-      -     Global Crop Management based on technical promoting vegetative imbalances, causing many correction needs, and Plant Nutrition (nutritional imbalances worsen phytosanitary problems).
-      -      Little or no environmental concerns
-      -      Little or no reasoning of water management.

Veterinarians often turn to vaccinate or treat herds to avoid the risk of epidemics, but crops are almost entirely subject to weather conditions. It must be said that a so artisanal and poor is not attractive for supplies compañies, and they make little effort to help a type of agriculture unaccustomed to invest or spend money for supplies.
In some areas, cooperatives are implemented in order to help these farmers to dominate, develop and market their products. They can be used as a relay between suppliers and farmers.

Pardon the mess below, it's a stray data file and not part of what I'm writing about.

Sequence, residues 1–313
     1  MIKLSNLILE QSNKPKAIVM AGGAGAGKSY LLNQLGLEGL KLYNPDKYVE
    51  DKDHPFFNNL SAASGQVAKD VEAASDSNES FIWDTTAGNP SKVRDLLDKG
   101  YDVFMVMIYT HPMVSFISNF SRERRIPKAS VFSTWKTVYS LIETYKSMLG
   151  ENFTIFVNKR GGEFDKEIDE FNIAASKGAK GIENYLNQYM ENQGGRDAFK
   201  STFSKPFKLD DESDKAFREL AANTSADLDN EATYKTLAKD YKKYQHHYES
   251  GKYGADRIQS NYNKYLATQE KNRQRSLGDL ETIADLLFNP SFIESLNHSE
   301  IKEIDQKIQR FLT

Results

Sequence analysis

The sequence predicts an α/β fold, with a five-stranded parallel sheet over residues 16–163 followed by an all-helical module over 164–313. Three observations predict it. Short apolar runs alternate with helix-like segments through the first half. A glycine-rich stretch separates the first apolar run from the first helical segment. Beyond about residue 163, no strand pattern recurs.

However, this secular social structure became weak in relation to the ambitions of not always scrupulous food companies. These farmers are easy targets for commercial companies looking to sell products of all kinds, or to develop large production structures that can greatly disrupt social functioning of these areas.

These upgrades of traditional rural areas are not necessarily bad if properly organized and thought, and eventually they can be very helpful in reducing the fragility, and the economic and social dependence , but provided do not leave out the foundations of cultural and social local human organization.
To conclude, I just would note that, in industrialized countries, farmers eager to go back to a traditional agriculture, generally do not orient to this track, but almost always choose organic farming.

It is just the current state of agriculture in general, that is to say, the evolution of traditional agriculture after gradually adapting all modernization techniques whemever they are available.